Can You Run For President & Senate At The Same Time? Bernie Sanders Is
Weeks after he officially announced his bid for the 2020 presidential race, The Daily Beast reported on Monday that Vermont Sen. Bernie Sanders also filed for re-election to the Senate in 2024. With Sanders running for two different federal offices, you might be wondering: can someone run for president and the Senate at the same time? As evidenced in Sanders' case, it really comes down to which state you're from.
Depending on the state a politician represents, they technically can pursue the presidency and another political office at the same time. Roll Call reported that in places like New Jersey, Massachusetts, Ohio, West Virginia, and Hawaii, state law allows candidates to run a presidential and senatorial bid all at once. But even those laws come with their own little caveats.
For instance, Roll Call noted that Massachusetts law doesn't allow candidates to run in primaries for different offices in the same year, but general elections for different offices in one year are permitted. With Ohio, a candidate can't run for two state offices at the same time, but he or she can campaign for the presidency and a congressional seat simultaneously.
The National Conference of State Legislatures also explains the issue of dual office holdings: "Some states allow legislators to hold multiple state or local offices so long as no conflict exists between the positions. Other states prohibit legislators from holding statewide offices but allow legislators to hold county or municipal offices."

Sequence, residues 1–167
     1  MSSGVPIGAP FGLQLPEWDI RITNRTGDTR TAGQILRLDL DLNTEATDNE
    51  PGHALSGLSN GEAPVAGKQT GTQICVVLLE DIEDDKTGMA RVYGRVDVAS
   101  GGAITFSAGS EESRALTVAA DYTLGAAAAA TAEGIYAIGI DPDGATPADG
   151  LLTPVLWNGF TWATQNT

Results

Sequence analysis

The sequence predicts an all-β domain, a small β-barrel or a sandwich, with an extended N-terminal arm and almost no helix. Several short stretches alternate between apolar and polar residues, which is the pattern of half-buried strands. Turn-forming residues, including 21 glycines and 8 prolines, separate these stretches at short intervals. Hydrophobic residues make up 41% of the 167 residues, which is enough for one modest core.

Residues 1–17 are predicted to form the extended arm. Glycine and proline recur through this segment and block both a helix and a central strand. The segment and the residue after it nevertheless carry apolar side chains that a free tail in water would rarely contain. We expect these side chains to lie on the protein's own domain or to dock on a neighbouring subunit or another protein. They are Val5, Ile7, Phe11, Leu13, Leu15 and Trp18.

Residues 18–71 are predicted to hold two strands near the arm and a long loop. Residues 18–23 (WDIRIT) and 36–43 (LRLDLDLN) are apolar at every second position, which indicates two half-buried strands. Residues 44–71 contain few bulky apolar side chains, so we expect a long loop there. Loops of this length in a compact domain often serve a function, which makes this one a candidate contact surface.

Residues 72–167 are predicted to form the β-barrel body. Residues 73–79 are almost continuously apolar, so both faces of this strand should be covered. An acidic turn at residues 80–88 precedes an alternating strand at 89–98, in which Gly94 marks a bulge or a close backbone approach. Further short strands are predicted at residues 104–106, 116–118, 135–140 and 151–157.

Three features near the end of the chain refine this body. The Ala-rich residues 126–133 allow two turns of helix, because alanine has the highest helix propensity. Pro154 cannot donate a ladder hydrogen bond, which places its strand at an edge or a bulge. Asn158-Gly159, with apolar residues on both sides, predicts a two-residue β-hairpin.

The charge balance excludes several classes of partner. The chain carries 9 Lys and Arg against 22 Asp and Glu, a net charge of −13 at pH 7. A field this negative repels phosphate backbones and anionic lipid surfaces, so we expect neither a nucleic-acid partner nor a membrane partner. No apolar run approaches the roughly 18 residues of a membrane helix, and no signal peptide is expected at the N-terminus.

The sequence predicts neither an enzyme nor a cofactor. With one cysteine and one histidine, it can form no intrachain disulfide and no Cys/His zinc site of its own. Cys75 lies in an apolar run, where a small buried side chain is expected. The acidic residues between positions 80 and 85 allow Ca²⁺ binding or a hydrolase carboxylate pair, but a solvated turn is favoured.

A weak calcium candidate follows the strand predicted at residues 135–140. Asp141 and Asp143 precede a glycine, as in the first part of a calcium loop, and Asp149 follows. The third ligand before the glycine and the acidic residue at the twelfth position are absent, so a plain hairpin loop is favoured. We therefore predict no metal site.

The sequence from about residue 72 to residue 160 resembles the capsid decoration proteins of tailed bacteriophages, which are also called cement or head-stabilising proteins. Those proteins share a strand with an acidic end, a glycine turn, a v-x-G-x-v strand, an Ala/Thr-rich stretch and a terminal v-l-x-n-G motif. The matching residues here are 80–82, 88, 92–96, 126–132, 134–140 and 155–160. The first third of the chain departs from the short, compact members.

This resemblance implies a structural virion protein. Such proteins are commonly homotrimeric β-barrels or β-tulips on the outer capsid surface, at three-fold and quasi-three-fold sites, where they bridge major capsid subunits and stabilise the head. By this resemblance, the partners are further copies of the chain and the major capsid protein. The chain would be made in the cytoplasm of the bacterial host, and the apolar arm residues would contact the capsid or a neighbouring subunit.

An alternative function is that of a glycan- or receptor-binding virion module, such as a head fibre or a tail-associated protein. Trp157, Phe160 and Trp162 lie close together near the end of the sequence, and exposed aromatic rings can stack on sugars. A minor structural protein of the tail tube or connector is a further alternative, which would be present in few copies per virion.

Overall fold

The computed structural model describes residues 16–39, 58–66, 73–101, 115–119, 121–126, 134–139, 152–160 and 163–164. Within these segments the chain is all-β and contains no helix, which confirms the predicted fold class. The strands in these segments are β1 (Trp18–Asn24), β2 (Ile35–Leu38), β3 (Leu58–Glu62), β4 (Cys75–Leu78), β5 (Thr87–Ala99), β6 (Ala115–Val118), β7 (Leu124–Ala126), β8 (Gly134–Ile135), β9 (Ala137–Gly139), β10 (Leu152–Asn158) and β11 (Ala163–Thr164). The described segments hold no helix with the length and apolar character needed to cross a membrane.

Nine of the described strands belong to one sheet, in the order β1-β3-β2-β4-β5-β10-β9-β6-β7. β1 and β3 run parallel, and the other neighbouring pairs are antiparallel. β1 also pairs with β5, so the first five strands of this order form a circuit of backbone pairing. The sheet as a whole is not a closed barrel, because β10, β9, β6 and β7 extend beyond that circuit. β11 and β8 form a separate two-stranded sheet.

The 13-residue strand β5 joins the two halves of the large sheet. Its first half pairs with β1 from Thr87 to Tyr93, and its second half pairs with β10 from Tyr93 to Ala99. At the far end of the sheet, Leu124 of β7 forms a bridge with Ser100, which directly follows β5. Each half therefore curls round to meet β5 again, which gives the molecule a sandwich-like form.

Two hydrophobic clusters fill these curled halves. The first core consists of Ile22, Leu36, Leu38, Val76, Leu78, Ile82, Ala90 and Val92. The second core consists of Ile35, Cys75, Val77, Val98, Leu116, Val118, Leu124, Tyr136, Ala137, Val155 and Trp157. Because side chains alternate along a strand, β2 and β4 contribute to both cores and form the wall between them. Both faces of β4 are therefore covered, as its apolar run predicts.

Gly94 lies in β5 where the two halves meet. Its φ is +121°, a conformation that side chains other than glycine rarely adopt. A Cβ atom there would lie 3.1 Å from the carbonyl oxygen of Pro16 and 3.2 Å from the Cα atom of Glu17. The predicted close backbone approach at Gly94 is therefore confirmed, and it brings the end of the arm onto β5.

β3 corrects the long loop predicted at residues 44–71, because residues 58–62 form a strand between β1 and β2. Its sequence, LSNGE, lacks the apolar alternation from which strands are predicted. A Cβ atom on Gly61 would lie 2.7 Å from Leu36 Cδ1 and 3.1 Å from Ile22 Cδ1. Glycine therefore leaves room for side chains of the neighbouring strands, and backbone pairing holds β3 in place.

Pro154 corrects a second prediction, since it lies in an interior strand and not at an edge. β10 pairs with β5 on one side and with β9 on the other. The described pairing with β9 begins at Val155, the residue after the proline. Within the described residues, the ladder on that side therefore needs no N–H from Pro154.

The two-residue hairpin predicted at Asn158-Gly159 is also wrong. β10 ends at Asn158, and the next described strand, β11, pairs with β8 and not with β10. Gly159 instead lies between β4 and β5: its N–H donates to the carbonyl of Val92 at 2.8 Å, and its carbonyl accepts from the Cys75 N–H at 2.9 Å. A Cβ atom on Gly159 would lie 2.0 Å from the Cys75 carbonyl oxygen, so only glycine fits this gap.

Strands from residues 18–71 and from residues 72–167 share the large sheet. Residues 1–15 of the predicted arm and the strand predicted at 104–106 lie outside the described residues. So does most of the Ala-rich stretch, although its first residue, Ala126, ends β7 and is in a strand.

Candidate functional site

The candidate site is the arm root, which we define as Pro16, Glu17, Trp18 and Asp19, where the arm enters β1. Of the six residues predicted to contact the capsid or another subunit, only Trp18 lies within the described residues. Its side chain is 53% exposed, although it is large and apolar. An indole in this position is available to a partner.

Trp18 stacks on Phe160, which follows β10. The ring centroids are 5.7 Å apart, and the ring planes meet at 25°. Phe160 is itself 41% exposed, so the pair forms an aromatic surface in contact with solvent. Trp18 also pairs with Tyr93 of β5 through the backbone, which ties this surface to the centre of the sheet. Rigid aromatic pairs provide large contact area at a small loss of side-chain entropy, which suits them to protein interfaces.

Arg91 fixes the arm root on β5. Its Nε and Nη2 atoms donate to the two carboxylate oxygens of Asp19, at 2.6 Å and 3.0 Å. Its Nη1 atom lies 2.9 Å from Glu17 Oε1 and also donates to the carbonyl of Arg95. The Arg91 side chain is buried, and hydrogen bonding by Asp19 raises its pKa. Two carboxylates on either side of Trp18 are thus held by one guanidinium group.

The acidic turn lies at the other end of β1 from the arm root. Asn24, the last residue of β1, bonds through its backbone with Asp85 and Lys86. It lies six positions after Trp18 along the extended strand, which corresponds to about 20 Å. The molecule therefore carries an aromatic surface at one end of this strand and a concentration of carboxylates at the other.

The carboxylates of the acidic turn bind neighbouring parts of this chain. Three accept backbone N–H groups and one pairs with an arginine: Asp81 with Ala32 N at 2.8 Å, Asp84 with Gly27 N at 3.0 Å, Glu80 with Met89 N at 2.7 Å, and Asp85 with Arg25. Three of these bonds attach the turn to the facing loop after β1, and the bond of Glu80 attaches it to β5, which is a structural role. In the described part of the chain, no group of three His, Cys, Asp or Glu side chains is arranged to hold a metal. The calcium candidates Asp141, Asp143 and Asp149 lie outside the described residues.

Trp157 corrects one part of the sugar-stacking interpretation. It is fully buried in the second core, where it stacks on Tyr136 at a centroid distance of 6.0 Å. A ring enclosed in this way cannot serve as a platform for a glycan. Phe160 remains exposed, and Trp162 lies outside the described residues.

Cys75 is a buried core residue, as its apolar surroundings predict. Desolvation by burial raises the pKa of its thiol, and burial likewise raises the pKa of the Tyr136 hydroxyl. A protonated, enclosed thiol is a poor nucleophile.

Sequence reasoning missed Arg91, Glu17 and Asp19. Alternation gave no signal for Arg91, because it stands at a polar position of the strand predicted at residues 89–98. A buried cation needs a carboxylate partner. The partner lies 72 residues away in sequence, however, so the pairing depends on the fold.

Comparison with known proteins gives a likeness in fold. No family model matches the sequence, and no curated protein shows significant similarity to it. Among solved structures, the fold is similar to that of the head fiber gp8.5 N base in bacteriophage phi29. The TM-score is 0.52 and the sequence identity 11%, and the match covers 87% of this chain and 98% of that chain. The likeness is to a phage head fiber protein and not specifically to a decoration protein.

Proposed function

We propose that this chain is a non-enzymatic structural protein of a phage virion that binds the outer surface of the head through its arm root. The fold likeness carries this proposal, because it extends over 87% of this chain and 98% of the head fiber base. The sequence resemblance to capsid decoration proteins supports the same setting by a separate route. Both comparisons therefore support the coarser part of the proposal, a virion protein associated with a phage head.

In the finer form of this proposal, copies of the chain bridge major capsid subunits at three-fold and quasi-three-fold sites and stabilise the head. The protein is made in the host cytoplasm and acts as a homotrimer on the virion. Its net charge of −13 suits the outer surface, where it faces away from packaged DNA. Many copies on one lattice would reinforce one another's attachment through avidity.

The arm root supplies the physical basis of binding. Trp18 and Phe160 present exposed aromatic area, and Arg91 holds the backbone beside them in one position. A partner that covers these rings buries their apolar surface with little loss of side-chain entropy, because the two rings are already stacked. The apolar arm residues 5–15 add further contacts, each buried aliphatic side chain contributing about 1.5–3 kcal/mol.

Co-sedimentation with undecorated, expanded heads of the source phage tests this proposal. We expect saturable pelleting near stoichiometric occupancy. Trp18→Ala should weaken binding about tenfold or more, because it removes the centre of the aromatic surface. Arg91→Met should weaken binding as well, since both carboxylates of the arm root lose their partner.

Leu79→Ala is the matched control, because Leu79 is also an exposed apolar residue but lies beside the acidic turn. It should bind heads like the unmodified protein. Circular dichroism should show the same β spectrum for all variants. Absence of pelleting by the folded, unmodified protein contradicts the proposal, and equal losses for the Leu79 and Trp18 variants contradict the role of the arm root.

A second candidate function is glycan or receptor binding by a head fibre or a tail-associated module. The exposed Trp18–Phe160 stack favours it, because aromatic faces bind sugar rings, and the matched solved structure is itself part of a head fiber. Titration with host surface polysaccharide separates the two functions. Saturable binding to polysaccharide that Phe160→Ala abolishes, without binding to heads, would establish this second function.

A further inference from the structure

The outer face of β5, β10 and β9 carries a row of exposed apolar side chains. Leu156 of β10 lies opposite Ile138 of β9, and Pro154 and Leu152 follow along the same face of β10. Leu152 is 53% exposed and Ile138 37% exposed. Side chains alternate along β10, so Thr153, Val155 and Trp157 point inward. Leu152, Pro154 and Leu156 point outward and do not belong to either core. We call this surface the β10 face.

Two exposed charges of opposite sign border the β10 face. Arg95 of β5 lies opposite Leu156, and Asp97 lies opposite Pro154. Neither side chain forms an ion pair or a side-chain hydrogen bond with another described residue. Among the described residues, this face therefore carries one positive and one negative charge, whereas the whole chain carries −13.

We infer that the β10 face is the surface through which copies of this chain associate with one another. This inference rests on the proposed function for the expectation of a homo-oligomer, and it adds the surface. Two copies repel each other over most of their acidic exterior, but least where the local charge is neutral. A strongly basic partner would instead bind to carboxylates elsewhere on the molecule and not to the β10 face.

Election law experts have discussed the pros and cons of running two simultaneous campaigns for office. James Gardner, who teaches constitutional state law and election law at the University of Buffalo School of Law, told Roll Call, "There are very legitimate reasons to prohibit people from running for two offices. It does not necessarily speak to the great commitment of the candidate to any particular constituency."
It is possible that a person running for two different political offices may be perceived as someone who won't be able to commit to presidential and senatorial responsibilities simultaneously. However, Gardner told Roll Call that in some cases it's worth allowing a politician to run for two offices. "Given, up until recently anyway, the view that the pool of highly qualified presidential candidates is limited, there’s a good argument for not artificially constricting the pool and particularly for not punishing the voters for elevating a talented person," Gardner told the publication.
Some states have sought to simplify the process of seeking two offices at once. In November 2018, New Jersey Democratic Gov. Phil Murphy signed a law that allowed candidates to vie for a congressional seat while also appearing on the ballot to become president.
For New Jersey Democratic Sen. Cory Booker, who officially announced his presidential bid in February, the law would help him seek two offices at once without hassle. According to USA Today, some lawmakers disagreed that such legislation was needed in the first place, but the president of the New Jersey Senate, who sponsored the bill, Democrat Stephen Sweeney, offered his rationale. "This was just to stop any lawsuits to slow him down," he told USA Today.
Will other states follow New Jersey's lead and open up for its politicians to run for president and Congress? It's hard to say, but you can keep an eye on the National Conference of State Legislatures for updates.